News Articles Week of October 25th-29th

  • Saturday, October 30, 2021 7:15 PM
    Message # 12085487
    Valentino Travieso (Administrator)

    Is This the Cure for the Loneliness of American Motherhood?

    In a webinar that I hope to give in the Spring (Preparing Yourself and Your Clients for Retirement) I ran across a concept (Co-housing) that I think has some promise for aging retirees.  Each person or couple has their own house or apartment, but there are community places where meals can be made and shared, relationships can be developed, and as people get older and some may lose their ability to drive, others can take them to doctor’s appointments, etc. (more about that in the webinar).

    But this article applies the concept to a different group (mothers with children) who could benefit from relationships and support from other women and be able to share tasks such as childcare, etc.

    Co-housing is not the same as communal living:  each person or family maintains their own finances, has their own residence, but there is more voluntary sharing in a typical neighborhood  and more support to and from them.

    Although there are few co-housing setups in Florida now, I think this is a concept that deserves further consideration. Click here to read full article.

    Postmodernism, secularism have increasing influence over Americans’ decision-making: report

    This survey contains some important information about the influence of both postmodernism and secularism on American’s thinking. Click here to read full article.

    Interabled Couples Share How They Make Their Relationships Work

    Interabled couples refer to couples where one partner has a disability and the other doesn’t, or where both partners have disabilities.  This article will renew your gratitude for the difficulties you face, which for most of us are much less than the difficulties these couples face every day of their lives. These couples share some of the ways they make their relationships work and could be an inspiration to couples who are impatient with each other. Click here to read full article.

    A Free Magazine

    Brain and Life is a magazine I became acquainted with several years ago when going to a neurologist’s office.  It is a free magazine that is published every other month and gives information about all sorts of neurology-related disorders (in plain English) and practical tips for how to deal with those disorders. The article above on Interabled couples is from that magazine.

    You can subscribe by going to  Since some of our clients will be dealing with one of these disorders and it is very possible that we may as we age, I think this can be worthwhile information to be aware of. 

    Marriage & Bipolar Disorder: Tips from a Dedicated Couple

    Many marriages break up when one spouse develops or is diagnosed with bipolar disorder.  This brief article shares how one bipolar couple have made their marriage work. Click here to read full article.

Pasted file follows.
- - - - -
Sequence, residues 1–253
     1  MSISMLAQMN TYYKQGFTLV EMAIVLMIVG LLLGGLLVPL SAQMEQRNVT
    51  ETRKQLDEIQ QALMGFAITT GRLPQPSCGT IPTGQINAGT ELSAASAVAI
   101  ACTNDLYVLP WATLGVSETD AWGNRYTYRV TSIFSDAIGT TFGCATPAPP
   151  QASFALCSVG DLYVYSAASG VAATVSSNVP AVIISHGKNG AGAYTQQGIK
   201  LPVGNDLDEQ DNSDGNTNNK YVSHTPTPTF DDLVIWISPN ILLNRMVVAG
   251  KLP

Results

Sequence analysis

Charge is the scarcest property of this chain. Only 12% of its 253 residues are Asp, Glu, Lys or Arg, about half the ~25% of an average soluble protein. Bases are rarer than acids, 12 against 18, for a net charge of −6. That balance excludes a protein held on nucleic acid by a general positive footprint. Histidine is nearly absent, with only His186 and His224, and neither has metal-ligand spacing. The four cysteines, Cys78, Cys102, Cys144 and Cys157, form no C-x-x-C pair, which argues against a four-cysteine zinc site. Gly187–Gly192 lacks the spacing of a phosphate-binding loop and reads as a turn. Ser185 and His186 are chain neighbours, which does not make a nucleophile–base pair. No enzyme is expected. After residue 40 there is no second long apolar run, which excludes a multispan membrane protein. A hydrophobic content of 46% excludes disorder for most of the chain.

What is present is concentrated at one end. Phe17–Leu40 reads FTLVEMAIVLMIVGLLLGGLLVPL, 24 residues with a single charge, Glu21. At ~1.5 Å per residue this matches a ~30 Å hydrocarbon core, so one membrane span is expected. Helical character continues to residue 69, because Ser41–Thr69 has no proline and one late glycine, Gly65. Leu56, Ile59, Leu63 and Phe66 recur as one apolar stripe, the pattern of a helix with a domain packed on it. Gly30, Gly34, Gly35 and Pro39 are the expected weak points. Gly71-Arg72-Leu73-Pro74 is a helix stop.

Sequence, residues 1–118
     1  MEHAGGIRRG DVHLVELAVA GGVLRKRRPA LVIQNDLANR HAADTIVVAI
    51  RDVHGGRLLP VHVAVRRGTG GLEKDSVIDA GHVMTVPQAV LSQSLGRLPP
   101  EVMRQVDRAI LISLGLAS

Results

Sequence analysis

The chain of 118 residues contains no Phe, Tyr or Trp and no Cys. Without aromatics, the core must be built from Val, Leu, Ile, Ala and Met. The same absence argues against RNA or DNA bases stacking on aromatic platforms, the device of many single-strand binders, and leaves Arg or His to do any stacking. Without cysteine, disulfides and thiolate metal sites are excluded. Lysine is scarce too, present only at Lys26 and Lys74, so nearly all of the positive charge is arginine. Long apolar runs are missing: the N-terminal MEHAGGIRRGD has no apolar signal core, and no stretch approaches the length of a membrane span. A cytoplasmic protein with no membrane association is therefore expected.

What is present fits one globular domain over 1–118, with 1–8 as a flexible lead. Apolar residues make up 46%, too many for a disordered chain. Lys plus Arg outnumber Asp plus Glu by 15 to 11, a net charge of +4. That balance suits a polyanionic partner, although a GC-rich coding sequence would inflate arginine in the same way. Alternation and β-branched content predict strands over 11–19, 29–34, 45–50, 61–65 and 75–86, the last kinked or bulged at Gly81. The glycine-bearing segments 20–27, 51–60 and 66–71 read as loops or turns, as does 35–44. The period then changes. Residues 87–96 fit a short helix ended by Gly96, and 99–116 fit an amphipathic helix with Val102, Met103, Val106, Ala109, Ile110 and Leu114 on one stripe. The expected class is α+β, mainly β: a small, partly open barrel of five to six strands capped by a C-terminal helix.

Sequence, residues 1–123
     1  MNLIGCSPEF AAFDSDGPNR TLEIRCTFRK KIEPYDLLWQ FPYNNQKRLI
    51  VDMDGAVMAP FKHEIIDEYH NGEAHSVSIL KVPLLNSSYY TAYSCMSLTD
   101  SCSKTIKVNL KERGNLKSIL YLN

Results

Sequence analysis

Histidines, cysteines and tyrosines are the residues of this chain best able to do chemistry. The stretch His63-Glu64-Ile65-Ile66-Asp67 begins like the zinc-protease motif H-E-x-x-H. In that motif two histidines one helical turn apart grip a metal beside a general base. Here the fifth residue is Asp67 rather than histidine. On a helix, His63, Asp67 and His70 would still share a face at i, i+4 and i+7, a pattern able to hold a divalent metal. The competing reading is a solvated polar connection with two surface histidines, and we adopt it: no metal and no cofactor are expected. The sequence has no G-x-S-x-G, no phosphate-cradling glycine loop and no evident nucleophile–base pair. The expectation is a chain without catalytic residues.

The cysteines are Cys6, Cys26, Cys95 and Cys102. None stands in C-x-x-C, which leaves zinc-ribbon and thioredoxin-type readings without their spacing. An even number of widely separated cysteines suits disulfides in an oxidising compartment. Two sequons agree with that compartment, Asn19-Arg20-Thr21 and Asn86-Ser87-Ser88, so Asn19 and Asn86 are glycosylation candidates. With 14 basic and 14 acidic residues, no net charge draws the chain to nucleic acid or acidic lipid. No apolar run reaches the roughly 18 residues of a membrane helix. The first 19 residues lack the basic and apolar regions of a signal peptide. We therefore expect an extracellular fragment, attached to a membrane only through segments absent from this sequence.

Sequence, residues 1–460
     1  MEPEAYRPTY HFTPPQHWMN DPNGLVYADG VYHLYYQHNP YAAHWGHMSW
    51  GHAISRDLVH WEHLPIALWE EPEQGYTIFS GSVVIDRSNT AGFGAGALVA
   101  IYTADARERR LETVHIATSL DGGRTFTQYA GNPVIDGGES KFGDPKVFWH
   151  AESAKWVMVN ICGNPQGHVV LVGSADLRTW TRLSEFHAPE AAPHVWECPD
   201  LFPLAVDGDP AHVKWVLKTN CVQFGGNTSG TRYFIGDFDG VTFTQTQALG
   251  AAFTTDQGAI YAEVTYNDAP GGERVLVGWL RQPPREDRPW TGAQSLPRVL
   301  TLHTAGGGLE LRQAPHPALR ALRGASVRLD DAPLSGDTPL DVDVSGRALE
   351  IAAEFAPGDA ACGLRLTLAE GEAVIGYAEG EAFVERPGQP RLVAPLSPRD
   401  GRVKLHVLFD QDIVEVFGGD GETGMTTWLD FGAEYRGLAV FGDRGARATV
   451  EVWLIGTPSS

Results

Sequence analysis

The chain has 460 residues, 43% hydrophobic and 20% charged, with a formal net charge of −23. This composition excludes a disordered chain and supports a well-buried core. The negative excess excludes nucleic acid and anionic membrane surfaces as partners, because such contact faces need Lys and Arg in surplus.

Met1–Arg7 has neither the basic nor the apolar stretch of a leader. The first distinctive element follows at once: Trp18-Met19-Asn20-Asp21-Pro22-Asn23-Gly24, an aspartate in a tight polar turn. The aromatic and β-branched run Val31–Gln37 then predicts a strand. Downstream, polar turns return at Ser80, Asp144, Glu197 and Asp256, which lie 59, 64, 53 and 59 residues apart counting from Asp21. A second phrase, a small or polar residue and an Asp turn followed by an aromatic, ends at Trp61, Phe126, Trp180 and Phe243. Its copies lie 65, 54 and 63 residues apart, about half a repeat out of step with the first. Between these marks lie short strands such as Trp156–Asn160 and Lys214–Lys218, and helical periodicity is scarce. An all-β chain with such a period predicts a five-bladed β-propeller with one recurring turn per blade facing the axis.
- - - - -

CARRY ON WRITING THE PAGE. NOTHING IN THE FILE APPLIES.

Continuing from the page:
Is the New Aspirin Advice a Medical Flip-Flop, or Just Science?

    I think many of us have grown frustrated because medical advice we have heard for years is sometimes changed, and we wonder if we can trust any medical advice.  This article does a good job of explaining why medical advice sometimes changes, and why this is evidence for the fact that medical research is constantly improving the information we receive.  I recommend that everyone read this article.

    One thing that the article does not address, but that I have become aware of through my research for the upcoming webinar on retirement, is that most drug trials are done on people from 20 to 60, and that new findings are that some medications that are totally safe for younger and middle-aged people may not be safe for people 60 and older.   Therefore if you or a loved one is in that older age range it is important to have a physician, or change to a physician, who is staying current on which medications are not as safe for older clients as for those who are younger. Click here to read full article.

    Assessment of Cognitive Function in Patients After COVID-19 Infection

    We have heard complaints about cognitive dysfunction and “brain fog” in persons several months after COVID infection.  This study used objective measures to study this in 740 participants several months after infection.  It appears that in general the degree of cognitive dysfunction and brain fog is correlated with the severity of the infection:  those who were hospitalized had greater impairment, those treated in the emergency department had less impairment, and those treated on an outpatient basis had least.  This research establishes that this cognitive impairment is real.  The research did not study whether any kind of treatment was effective in ameliorating the problem. Click here to read full article.